Experts Warn Against Snuggling Up to Wraparound Mortgages

Clare Trapasso


Uh-oh. A mortgage scam that targets the most vulnerable home sellers and buyers is making a comeback.

Wraparound mortgages, which bundle together the purchase of the home and the mortgage on it, might sound like a great idea for those who don’t have the credit to qualify for a loan. But it’s an idea that’s ripe for exploitation, say housing attorneys who have seen an uptick in this type of seller financing.

Typically, the homeowners need to sell their property in a hurry, say because they have to move for work. But they can’t find a buyer, so they turn to middlemen. These folks find buyers who are similarly eager to buy and not so savvy, who move into these homes and take over the mortgage payments. The buyers receive a title for the residence, but the mortgage remains in the seller’s name.

So far, so good, right? That is until the middleman, who usually isn’t regulated, starts pocketing those monthly mortgage payments and the bank forecloses on the home. Then the seller’s credit is ruined and the life savings the buyer plunked down on the home is gone.

“They’re taking advantage of poor people who don’t have a lot of knowledge about purchasing a home and putting them at great risk,” says K-Sue Park, an attorney at Texas RioGrande Legal Aid, who is representing a family who claims they were ensnared in one of these scams.

Her clients, Santa Martinez and Michael Moreno, lost about $22,000 on the El Paso, TX, home they bought because the middleman wasn’t turning their mortgage payments over to the bank, according to the El Paso Business Journal.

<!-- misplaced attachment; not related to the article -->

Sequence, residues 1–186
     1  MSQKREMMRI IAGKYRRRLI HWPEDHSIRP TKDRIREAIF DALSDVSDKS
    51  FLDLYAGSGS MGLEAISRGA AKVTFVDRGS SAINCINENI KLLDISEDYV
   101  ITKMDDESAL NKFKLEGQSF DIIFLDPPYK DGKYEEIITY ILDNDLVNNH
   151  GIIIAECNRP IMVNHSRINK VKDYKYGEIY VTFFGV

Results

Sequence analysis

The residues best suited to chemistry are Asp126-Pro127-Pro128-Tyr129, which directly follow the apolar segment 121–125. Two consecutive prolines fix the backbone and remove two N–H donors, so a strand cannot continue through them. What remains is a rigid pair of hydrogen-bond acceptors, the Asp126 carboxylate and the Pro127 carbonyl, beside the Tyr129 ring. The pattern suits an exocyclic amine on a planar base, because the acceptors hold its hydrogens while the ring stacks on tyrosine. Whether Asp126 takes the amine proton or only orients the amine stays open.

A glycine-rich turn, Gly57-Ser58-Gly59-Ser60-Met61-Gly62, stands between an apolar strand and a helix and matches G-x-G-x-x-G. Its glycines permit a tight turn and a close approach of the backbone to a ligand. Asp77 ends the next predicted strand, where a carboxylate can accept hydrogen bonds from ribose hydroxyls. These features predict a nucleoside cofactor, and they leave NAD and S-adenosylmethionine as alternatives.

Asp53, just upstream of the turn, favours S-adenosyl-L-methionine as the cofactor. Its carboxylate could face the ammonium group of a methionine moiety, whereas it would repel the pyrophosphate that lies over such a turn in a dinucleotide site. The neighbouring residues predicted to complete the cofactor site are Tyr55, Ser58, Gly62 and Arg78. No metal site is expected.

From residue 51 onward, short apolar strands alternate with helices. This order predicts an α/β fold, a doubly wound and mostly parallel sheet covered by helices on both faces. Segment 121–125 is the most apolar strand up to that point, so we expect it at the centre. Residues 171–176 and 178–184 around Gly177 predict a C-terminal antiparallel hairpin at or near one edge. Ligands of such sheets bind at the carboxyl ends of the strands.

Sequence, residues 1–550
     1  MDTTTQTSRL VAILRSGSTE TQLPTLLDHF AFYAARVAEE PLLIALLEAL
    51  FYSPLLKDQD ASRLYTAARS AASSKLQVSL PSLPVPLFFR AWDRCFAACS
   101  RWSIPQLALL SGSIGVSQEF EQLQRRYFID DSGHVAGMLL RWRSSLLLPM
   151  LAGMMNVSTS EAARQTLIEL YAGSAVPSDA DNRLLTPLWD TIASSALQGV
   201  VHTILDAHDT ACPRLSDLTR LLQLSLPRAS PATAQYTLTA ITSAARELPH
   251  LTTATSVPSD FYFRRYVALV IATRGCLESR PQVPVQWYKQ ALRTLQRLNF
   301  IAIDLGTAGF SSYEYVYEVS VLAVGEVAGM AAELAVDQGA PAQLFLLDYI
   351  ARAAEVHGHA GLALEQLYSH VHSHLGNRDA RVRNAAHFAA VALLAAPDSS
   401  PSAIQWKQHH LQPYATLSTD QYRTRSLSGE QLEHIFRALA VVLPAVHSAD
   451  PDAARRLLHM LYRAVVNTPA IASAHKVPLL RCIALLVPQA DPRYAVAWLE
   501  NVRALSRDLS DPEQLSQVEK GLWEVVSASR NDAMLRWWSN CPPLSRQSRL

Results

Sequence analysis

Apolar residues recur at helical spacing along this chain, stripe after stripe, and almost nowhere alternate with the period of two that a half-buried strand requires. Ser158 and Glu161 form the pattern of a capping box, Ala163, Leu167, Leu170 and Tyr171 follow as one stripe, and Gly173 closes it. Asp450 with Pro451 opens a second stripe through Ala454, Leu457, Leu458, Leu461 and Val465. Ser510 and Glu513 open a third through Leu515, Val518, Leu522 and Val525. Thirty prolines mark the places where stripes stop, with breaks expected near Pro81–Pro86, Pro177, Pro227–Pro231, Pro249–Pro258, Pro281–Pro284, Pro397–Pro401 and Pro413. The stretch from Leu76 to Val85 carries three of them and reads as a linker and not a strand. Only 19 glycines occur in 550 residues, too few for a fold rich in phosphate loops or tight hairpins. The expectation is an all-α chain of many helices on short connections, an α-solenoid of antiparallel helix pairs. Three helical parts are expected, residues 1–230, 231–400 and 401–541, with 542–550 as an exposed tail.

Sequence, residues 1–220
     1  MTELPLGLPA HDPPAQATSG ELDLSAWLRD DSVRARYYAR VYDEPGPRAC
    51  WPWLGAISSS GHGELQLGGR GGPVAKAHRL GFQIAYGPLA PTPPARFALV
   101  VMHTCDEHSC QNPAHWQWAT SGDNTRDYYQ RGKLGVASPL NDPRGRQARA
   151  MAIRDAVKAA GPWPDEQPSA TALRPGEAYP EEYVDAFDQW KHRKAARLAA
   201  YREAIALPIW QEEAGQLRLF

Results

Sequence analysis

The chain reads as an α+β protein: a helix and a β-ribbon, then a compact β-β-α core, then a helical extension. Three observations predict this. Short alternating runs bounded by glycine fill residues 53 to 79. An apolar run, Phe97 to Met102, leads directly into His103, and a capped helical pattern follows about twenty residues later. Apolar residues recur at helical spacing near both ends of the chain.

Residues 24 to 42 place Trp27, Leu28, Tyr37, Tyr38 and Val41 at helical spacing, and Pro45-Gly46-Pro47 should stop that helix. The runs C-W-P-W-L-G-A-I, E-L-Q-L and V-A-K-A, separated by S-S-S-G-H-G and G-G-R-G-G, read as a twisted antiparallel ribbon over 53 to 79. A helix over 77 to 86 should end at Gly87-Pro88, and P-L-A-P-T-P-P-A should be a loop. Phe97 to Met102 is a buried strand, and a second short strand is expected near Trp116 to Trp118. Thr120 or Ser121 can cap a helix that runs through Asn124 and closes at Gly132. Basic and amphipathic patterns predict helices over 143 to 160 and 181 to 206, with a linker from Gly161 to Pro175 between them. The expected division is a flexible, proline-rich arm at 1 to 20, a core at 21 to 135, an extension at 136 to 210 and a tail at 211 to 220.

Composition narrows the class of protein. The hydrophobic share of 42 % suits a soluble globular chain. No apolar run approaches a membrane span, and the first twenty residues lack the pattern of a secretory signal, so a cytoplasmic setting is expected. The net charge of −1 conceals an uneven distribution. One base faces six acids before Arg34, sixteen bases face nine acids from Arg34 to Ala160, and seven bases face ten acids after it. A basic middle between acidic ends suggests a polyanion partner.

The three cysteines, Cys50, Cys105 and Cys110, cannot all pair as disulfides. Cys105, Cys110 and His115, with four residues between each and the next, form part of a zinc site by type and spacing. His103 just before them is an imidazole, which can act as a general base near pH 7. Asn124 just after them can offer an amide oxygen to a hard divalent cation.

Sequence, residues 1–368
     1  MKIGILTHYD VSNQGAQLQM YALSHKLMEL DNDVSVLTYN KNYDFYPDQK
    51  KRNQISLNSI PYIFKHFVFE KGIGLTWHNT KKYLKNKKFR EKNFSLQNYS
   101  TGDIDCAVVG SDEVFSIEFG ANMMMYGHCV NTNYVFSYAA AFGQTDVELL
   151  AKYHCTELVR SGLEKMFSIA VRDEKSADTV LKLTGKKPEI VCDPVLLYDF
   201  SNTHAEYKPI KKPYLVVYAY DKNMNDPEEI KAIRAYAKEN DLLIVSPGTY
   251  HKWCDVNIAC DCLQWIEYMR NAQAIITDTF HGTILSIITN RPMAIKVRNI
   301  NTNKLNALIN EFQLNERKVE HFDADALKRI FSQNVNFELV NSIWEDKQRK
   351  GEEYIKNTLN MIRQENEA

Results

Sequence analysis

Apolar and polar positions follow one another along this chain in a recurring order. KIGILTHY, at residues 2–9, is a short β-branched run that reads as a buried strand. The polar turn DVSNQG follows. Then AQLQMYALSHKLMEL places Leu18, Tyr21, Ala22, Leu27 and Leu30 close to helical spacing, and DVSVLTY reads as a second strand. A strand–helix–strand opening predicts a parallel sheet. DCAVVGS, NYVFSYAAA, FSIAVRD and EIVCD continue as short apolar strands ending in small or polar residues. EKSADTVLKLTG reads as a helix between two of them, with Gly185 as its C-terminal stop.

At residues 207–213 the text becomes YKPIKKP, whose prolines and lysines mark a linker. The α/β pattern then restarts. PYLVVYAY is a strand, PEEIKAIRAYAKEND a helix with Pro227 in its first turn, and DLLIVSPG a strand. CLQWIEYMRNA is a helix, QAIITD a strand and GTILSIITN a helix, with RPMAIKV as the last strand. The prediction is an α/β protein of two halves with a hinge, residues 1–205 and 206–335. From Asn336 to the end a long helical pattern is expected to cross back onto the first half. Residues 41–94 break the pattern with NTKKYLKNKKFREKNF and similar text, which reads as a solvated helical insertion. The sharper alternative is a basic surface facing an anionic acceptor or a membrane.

“It’s meant to be a fix for people who are falling behind on their mortgages,” Park says of wraparound mortgages. They can also help “a family who can’t access a traditional bank loan to buy a house.”

Wraparound mortgages were a big problem in the 1980s and 1990s, Park says. But then it was mostly replaced by subprime mortgages—which targeted buyers with bad credit and, typically, low income, who couldn’t really afford to become homeowners.

Real estate attorney Cassandra McGarvey, at Sanders Willyard in Houston, started seeing a resurgence of these loans about two years ago. They’re common in Texas, but are also done in other parts of the country, she says.

She recommends that sellers who need to sell in a hurry rent out their homes if they can’t find a buyer. Even if they lose money, at least their credit won’t be wiped out in a foreclosure.

And aspiring homeowners who can’t qualify for a traditional mortgage should work on their credit instead of signing up for one of these wraparound loans, says Park.

“Don’t fall into this trap,” Park says. “[Buyers] stand to lose everything.”

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